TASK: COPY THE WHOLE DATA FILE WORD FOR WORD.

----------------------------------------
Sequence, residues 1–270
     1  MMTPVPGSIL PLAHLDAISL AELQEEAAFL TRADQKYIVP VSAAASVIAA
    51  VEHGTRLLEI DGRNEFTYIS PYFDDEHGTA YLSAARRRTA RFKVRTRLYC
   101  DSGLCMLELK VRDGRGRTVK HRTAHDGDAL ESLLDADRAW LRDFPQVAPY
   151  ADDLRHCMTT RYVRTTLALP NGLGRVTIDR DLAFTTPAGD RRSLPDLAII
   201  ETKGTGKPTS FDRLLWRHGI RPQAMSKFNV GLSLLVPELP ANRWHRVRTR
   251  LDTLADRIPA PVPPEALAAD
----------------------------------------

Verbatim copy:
Sequence, residues 1–270
     1  MMTPVPGSIL PLAHLDAISL AELQEEAAFL TRADQKYIVP VSAAASVIAA
    51  VEHGTRLLEI DGRNEFTYIS PYFDDEHGTA YLSAARRRTA RFKVRTRLYC
   101  DSGLCMLELK VRDGRGRTVK HRTAHDGDAL ESLLDADRAW LRDFPQVAPY
   151  ADDLRHCMTT RYVRTTLALP NGLGRVTIDR DLAFTTPAGD RRSLPDLAII
   201  ETKGTGKPTS FDRLLWRHGI RPQAMSKFNV GLSLLVPELP ANRWHRVRTR
   251  LDTLADRIPA PVPPEALAAD